Editor's note: This article was published in Grand Traverse Scene magazine's July 2021 issue. Pick up a free copy at area hotels, visitor's centers, chambers of commerce or at the Record-Eagle building on Front Street. Click here to read GT Scene in its entirety online.
Despite the pandemic, area golf courses ended the season last year in good shape. Many with one of their better years, and the feeling around the Grand Traverse Regional golf scene is that 2021 may be one the best years ever.
Shanty Creek Resort recently announced the acquisition of Hawk’s Eye Golf Course giving it 90 holes at one destination and ranking it among the top 10 largest golf resorts in North America.
“Despite the pandemic last year was one of Shanty Creek’s best golfing years ever. Despite losing much of May and June, the rest of the season was very strong,” said Chris Hale, Vice President of Sales and Marketing, when we spoke recently. “Being able to add Hawk’s Eye is testament to our success. Our early season bookings have been our best ever, and I expect this coming golfing season to be our best ever.”
The resort offers daily shuttles between the five courses. Shanty also added a new fleet of golf carts for the coming season and a Topgolf Swing Suite golf simulator in the River Bistro.
Grand Traverse Resort’s longtime director of golfing operations, Tom McGee, had much the same opinion when asked about the coming season.
“We just finished our best May ever and online tee-time reservations for the coming summer are 100-percent ahead of this time in any previous year. Last year finished strong after June and that trend is continuing. We may be headed for our best golfing season ever at the resort,” he said with a smile in his voice.
The resort is again offering the popular Golf Your Daylights Out special June 20-27. The event provides unlimited golf on all of their courses including The Bear. Get in as many holes as you can. It’s some of the longest days of the year. The cost is $149 for non-resort guests. Book early. They are also offering the National Cherry Festival Golf Special July 3-11. The cost to play The Bear or Wolverine is $109 and $69 for Spruce Run for 18-holes with cart.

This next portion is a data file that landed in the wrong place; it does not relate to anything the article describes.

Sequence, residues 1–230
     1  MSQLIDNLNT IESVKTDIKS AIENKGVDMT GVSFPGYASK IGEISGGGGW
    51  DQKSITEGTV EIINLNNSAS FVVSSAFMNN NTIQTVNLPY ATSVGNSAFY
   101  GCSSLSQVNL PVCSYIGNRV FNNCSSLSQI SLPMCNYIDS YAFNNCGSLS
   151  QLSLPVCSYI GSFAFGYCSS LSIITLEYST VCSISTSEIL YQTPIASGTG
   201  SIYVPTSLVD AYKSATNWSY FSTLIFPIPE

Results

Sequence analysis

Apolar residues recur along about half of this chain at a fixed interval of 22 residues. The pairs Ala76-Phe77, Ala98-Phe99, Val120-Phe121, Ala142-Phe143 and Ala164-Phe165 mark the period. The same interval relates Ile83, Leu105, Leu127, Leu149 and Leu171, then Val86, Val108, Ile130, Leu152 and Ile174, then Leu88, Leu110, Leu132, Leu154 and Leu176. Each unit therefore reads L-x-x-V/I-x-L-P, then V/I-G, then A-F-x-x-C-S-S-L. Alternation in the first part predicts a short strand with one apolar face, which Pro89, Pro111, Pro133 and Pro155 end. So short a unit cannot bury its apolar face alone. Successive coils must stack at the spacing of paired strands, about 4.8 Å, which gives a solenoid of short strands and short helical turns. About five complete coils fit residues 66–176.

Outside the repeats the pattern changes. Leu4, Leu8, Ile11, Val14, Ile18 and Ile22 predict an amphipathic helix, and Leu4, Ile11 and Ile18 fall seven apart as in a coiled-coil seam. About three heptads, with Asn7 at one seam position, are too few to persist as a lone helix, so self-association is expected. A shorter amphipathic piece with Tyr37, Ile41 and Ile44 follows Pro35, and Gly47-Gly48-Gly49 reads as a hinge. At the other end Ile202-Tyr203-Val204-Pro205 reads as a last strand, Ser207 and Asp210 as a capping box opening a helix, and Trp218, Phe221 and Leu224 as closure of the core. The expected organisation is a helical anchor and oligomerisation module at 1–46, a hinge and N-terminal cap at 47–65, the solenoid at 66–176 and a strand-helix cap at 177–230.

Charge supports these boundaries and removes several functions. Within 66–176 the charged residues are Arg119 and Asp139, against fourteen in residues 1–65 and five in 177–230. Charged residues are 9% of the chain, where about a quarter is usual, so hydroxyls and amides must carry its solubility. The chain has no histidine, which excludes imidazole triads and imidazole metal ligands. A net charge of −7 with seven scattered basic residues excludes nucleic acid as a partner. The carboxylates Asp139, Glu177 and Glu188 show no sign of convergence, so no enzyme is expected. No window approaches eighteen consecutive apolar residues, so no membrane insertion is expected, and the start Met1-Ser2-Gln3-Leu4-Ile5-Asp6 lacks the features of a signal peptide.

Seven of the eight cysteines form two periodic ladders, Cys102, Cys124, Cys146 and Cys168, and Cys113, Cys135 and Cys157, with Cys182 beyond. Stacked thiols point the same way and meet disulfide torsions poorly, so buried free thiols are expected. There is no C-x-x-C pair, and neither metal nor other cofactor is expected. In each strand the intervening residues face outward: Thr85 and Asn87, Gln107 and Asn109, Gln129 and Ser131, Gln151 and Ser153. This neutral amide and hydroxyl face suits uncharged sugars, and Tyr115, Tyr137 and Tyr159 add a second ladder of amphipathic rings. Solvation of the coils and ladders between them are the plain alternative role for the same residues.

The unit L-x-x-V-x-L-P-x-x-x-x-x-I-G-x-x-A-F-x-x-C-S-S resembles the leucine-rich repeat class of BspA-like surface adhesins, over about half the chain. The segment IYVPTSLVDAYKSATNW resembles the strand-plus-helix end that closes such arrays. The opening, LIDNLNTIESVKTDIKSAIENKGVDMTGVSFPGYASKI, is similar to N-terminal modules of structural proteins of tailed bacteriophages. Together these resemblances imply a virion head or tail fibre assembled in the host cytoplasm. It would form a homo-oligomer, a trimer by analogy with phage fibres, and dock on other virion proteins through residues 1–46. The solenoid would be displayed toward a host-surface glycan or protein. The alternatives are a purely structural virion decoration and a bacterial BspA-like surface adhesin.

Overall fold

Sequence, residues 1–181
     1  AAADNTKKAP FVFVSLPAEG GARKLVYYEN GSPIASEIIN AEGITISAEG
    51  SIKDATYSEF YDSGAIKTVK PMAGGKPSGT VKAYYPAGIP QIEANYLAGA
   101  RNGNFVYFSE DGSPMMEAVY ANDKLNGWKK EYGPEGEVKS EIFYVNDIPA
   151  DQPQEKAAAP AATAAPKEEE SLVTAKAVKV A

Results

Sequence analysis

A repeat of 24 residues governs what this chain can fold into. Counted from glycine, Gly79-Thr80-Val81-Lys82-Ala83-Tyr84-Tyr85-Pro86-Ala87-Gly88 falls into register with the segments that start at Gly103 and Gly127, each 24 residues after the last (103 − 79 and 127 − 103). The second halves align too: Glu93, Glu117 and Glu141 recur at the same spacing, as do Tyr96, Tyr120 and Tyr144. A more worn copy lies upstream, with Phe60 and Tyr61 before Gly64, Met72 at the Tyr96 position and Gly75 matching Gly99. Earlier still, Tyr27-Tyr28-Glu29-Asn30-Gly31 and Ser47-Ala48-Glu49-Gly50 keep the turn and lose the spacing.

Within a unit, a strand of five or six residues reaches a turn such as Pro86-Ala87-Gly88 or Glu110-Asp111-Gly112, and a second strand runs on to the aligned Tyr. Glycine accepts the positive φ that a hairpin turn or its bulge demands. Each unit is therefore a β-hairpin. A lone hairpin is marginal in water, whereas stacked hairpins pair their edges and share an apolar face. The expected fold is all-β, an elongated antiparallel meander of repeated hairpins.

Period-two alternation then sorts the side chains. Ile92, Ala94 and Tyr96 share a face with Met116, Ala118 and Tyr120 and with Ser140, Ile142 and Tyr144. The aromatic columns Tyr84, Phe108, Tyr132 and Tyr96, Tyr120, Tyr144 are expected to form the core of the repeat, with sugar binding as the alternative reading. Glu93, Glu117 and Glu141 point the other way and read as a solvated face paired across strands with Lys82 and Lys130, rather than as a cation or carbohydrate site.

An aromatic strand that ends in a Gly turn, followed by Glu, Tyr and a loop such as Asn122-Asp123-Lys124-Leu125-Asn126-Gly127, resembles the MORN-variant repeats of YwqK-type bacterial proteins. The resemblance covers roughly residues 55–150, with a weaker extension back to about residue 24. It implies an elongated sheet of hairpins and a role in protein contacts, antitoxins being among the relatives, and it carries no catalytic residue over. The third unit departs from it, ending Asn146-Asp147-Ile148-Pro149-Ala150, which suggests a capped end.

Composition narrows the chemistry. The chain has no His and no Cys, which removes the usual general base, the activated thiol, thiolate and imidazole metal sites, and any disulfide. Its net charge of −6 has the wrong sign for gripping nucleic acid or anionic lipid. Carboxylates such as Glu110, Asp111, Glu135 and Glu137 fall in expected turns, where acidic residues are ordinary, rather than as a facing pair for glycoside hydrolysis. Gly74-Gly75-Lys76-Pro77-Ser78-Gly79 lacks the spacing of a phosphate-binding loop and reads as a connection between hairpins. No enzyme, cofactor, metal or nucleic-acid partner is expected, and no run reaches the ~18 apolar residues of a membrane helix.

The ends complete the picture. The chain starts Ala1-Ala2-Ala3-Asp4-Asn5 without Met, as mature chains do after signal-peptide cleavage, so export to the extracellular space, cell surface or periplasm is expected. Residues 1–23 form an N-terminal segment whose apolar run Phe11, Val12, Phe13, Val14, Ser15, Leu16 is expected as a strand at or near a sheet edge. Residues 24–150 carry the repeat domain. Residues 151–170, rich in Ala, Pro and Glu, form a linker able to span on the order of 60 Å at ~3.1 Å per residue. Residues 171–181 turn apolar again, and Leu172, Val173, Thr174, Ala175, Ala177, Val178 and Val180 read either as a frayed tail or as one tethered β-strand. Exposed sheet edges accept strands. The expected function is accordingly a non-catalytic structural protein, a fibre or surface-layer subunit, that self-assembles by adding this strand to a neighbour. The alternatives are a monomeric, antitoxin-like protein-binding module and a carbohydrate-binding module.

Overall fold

A-Ga-Ming Golf Resort has added a fourth course to its stable with the acquisition of Charlevoix Country Club, joining the two original courses The Torch and Sundance overlooking Torch Lake and Antrim Dells located about halfway between. They’ve opened a new clubhouse at A-Ga-Ming with a patio Pizzeria and wood-fired stone oven. A new brick cart barn was added on the Sundance Course that resembles an old countryside barn fitting in with the links style course.
South of town Elmbrook Golf Course remains open for this season while a sale is pending for one of the area’s oldest courses that opened in 1964. Elmbrook, in addition to golf, has a full slate of evening events including night golf and Wine and Dine events on their calendar for this year. Sunday Shambles, scheduled Sunday evenings, including golf and a musical concert.
At Bay Meadows they added 650 yards of length to the course and new tees over the last couple of years, according to owner Mike Husby. Also added were several new tees, including grass turf tees, to the driving range, and Trackman 4 Technology, which is used by the pros, is a new addition to their learning center.
“We were really happy to learn that our longtime instructor Scott Wilson recently received the PGA Instructor of Youth Development Player of the Year National Award. It’s quite an honor,” Husby proudly pointed out. “We’re seeing a real uptick in youth golf, a lot of interest. It’s great for the sport.”
In Leelanau County, Bahle Farms is under new ownership, which occurred at the start of the season, according to Melissa Obis, who is spokesperson for owner Crosby Duckman.
“We were able to take over from the start of the season, and it’s working well. The season is off to a great start and the course is in great shape. It’s looking like a really busy season shaping up,” she enthused.
They’ve concentrated on improving the grill and enlarging the patio outside to offer more seating. The menu will be expanding with additional items being added for evening meals. The other change was moving leagues to late afternoon and early evening to free the golf course up for daytime public play. Fruit growing operations will continue on the family homestead that has been farmed since the 1940s. It’s part of the unique charm of this hillside course with orchards growing next to fairways.
Brad Dean, owner of Interlochen Golf Course, has the old course in the best shape it has been in recent years.
Since taking over the course a couple of years ago he has changed all the bunker sand, taken out trees that needed to be removed, redone many of the greens and tees and upgraded maintenance. Bradley’s restaurant, open every night for dining, has added outdoor seating under tent pavilions.
“It just needed some tender loving care. It has responded, and so have the golfers. We ended up with a great year last season, and the first couple of months this season have been packed every day,” said the PGA Pro. “We saw lots of new members join last year and that’s continuing this season. There were more kids and young adults playing than I’ve seen in previous years.”
Crystal Mountain saw a renewed interest among area golfers and new golfers, according to Sammie Lukaskiewicz, Vice President of Marketing and Communications. They also saw a boost from kids last summer when many organized sports were canceled, and hope to continue that trend. The resort allows junior golfers, 17 and under, to golf free Monday through Thursday after 3 p.m. on the Betsie Valley course when accompanied by a full paying adult.